In the present study, high throughput 16S rRNA gene sequencing was used to investigate soil invaded by the aggressive weed Ageratina adenophora to determine its effect on the species composition, distribution, and biodiversity of the bacterial communities. Soil samples from 12 micro-sites containing a monoculture of A. adenophora plants, mixtures of A. adenophora and different native plant species, and native species alone were studied. We found that the invasion of this weed resulted in a selection of bacteria belonging to phyla Acidobacteria and Verrucomicrobia and the lack of bacteria belonging to phyla Actinobacteria and Planctomycetes, but did not affect significantly the percentage abundances of members of other phyla. A similar bacterial population selection was also observed at genus or subgroup levels. The NO3–-N level was an important factor affecting soil bacterial communities and contributed to the dominance of A. adenophora. However, the numbers of total bacterial species, and the diversity and structure of soil bacterial microbiome did not (P > 0.05) change significantly following invasion by this weed.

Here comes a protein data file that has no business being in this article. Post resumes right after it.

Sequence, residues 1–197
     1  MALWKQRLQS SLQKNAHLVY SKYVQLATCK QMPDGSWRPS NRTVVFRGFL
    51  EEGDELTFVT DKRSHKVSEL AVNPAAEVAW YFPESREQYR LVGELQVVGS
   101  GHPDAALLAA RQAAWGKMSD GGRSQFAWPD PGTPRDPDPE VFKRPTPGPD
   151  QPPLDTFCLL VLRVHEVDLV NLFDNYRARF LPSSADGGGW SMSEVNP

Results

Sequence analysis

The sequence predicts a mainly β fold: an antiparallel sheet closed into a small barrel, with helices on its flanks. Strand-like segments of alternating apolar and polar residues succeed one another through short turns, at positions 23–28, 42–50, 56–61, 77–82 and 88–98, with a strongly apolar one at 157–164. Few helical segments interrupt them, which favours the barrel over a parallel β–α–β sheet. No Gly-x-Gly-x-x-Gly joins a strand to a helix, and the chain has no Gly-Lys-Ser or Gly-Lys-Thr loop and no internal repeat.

2017, Applied Microbiology, Molecular and Cellular Biosciences Research Foundation